I sat, He wrote.  I hope you enjoy my adaptation of a brilliant piece of work by Mr. Toth, and find some contemplation that might strengthen your covenant with God.

God Bless – Reese

The Two Bicyclists

Bicyclist 1

Two weeks back, I had an interesting experience while walking home from work.

It produced a question that I still work about without full resolution, and so I hand it to my readers for their own use.

I was crossing the Gordon River bridge; leaving downtown Naples.  The bridge has a walkway, perhaps four feet wide, and with a series of light posts that interrupt the walkway; producing a narrow throat where the posts are located.  It makes passing one another a bit of a gamble and a game, as you attempt to predict speed and intent of a person coming from the other direction.  Do you slow down, speed up, step to the side, go first, go second.  These are all choices one makes as they attempt to accommodate other foot and bicycle traffic.  We take these kinds of conditions with normalcy, think little of them, and routinely include them in most of our travels.  Just try walking in a shopping mall without your mind constantly engaging in physics and math calculations, as well as psychological predictions and assertions.U.S. 41 - Google Maps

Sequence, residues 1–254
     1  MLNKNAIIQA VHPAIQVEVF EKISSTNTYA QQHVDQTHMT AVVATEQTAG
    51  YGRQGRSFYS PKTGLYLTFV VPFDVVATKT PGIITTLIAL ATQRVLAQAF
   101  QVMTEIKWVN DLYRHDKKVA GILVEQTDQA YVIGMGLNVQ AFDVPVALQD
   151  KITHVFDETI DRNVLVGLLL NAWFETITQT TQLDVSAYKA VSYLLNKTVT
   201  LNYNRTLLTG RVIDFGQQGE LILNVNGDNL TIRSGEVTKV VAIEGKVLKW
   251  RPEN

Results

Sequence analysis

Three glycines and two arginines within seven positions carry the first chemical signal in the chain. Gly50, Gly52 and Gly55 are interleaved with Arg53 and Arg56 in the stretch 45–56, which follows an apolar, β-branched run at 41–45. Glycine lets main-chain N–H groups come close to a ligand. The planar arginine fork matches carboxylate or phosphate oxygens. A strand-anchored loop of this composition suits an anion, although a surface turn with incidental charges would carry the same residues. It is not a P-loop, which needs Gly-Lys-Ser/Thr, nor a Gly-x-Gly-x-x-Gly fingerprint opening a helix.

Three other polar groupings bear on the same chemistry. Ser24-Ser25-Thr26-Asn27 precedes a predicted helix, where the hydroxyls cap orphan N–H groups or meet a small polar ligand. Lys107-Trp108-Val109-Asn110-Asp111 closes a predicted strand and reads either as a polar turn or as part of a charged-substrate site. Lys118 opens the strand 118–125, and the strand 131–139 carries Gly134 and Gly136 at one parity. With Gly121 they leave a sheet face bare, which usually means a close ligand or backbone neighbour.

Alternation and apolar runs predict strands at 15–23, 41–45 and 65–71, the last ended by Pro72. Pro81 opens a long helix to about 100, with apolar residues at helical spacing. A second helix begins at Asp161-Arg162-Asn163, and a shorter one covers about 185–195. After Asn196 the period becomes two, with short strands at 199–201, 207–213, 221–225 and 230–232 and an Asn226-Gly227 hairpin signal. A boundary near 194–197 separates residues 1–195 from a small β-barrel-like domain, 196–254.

Now I was nearing the end of the bridge.  Before me were two more narrow throats in the walkway where light posts were located.  And coming towards me were two bicyclists.  I could easily see that we would meet at the last light post.  As one bicyclist was close behind the other, I assumed them as traveling companions.